Mom’s Meals Insights: Don’t Let Anemia Hamper Your Overall Health

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A recent study showed seniors with anemia might be at higher risk for dementia. A diet filled with iron-rich foods may be a good idea for anemia and overall health.

A diet filled with iron-rich foods can be a good step towards living without anemia, boosting overall good health as we age.

A recent study conducted by researchers from the University of California, San Francisco, showed that seniors with anemia might be at higher risk for dementia. Over 2500 people in their 70’s were studied for 11 years, and it was found that anemic patients were 41% more likely to develop dementia than those who were not anemic.

Dr. Kristine Yaffe, a professor of psychiatry, neurology and epidemiology at the University of California, San Francisco, who was involved with the study, feels that even though anemia doesn’t cause dementia, “given how common both anemia and dementia are in older adults, more attention to the connection between the two is important, and I do think screening older adults for anemia makes sense.”

Anemia is typically caused by a diet low in iron and other vitamins. It can also result from chronic kidney disease.

While more research is needed to fully understand the link between the two, this is not the first study showing a correlation between anemia and higher risk for dementia. So what can seniors do to lessen their risk?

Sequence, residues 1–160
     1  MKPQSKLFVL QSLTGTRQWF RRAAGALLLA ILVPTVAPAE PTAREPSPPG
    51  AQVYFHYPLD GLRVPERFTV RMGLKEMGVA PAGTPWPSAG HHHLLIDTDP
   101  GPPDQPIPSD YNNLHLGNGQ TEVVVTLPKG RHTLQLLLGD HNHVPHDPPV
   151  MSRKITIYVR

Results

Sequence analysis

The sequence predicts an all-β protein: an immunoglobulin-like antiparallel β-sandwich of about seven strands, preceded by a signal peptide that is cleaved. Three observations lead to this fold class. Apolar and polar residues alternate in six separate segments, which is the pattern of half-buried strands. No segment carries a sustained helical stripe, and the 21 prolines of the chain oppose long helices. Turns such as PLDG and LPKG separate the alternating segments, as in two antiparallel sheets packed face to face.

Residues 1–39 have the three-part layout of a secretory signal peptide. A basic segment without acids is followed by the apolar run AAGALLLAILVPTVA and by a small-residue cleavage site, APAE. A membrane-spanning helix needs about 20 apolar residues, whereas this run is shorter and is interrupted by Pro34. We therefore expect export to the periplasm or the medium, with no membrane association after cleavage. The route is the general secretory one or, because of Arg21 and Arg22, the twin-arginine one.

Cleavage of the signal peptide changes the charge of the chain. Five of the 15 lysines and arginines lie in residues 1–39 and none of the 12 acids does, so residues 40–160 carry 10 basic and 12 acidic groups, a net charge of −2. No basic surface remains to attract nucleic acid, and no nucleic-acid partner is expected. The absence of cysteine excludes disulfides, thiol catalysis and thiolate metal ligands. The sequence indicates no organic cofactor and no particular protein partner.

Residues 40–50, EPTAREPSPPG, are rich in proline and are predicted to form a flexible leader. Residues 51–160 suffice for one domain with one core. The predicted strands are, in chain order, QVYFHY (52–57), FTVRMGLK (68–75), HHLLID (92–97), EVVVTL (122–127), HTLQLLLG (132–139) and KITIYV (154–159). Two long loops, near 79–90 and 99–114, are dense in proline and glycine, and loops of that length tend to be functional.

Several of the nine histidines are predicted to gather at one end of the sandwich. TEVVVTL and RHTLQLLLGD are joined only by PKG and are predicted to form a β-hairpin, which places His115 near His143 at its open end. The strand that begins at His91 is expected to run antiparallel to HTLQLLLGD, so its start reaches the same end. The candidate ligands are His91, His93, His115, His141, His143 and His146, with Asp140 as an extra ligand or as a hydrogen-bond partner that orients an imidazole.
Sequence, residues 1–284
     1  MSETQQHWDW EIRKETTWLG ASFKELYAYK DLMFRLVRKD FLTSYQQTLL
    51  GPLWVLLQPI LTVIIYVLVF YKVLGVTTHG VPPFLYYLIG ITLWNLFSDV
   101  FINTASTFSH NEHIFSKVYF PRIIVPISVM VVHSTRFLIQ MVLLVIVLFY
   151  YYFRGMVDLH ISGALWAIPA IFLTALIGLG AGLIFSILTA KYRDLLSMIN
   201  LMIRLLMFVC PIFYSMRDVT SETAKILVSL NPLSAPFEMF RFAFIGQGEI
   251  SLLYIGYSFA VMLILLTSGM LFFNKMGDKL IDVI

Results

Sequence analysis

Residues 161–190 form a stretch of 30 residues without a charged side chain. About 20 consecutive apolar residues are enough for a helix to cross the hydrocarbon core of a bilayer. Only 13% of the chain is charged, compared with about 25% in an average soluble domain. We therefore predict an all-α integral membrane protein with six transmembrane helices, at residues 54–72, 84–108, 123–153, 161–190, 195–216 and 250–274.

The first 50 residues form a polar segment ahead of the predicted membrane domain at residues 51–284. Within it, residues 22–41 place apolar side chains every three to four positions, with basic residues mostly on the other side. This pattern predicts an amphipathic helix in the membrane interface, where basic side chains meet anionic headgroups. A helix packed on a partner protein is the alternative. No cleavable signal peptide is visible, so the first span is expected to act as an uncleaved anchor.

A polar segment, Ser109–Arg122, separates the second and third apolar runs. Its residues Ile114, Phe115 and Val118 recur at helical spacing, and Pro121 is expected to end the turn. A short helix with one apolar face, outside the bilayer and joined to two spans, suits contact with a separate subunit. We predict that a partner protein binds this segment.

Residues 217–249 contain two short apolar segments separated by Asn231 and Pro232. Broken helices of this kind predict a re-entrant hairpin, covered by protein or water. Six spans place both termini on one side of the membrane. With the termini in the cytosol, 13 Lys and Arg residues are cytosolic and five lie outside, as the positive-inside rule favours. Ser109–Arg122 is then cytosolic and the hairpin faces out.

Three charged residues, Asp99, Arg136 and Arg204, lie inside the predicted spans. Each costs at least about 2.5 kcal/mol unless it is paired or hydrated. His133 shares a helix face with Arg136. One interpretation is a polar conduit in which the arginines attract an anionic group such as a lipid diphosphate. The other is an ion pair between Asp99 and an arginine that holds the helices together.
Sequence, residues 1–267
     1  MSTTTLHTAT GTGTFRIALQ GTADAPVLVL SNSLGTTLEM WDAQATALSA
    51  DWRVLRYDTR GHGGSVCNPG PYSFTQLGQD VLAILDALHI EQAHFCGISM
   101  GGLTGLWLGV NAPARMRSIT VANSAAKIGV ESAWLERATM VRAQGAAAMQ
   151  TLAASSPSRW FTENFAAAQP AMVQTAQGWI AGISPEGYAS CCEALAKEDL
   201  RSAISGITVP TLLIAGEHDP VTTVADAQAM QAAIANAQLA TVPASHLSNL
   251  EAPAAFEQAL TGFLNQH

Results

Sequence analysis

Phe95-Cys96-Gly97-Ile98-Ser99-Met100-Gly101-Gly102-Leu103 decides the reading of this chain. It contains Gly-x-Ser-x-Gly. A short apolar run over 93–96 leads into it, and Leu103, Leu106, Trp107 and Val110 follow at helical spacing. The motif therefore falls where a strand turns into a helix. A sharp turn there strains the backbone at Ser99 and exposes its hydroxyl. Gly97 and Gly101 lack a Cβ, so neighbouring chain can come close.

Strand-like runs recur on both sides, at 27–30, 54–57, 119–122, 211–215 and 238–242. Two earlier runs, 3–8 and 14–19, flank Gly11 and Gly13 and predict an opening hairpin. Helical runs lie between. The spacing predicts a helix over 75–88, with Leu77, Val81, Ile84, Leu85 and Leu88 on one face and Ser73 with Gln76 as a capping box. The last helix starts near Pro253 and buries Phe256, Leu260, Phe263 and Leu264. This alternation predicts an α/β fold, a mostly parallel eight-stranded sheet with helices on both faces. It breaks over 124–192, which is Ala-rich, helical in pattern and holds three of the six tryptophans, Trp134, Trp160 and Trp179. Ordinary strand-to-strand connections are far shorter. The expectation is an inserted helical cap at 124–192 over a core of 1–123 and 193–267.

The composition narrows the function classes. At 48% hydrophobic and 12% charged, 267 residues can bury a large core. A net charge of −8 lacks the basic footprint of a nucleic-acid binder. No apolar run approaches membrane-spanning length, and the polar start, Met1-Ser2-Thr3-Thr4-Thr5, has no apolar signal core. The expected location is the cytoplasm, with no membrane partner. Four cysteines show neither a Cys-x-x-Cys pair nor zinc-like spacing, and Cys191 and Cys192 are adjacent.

If iron deficiency leads to anemia, it is important to eat a balanced diet rich in vitamins and nutrients, and full of iron.

For those over age 60, a healthy diet should include:

  •     Vitamin C, to help the body absorb iron,
  •     Vitamin B, needed for the body to make use of the iron, and
  •     Iron, found in iron-rich foods including egg yolks, leafy greens, kale, and artichokes.

Other foods found beneficial for aging bodies include oranges, berries, tomatoes, eggs, poultry, lean red meats, spinach, dried fruits, lentils, fish and chickpeas.

There are also foods known to block iron absorption, including coffee, tea, soy protein and milk, which should be consumed in smaller quantities if anemia is an issue.

Many seniors find that mobility issues, lack of know-how, economic difficulty, health concerns, and the like stand in the way of eating a diet that helps to combat anemia. When eating healthy foods becomes too difficult on your own, consider help, such as home delivered meals. Mom’s Meals offers affordable home delivered meals that are designed specifically for senior health.

Mom’s Meals strives to be the leading expert and provider of senior and patient nutrition to help support health and recuperation and nourish independence at home for higher quality living. The company is dedicated to providing fresh-made, nutritious, home-delivered meals to customers nationwide and has specialized in senior and patient care for over 13 years.

Mom’s Meals are available for customers on specific diets including heart-healthy meals that are both low sodium and low fat, diabetic-friendly meals with 60 carbs or less, renal meals, and vegetarian and gluten-free choices. Mom’s Meals prepares, packages, and delivers ready-to-heat and eat meals directly to a customer’s door anywhere in the United States. To order Mom’s Meals, or for more information, call 1-877-508-6667.

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Debbie Albert
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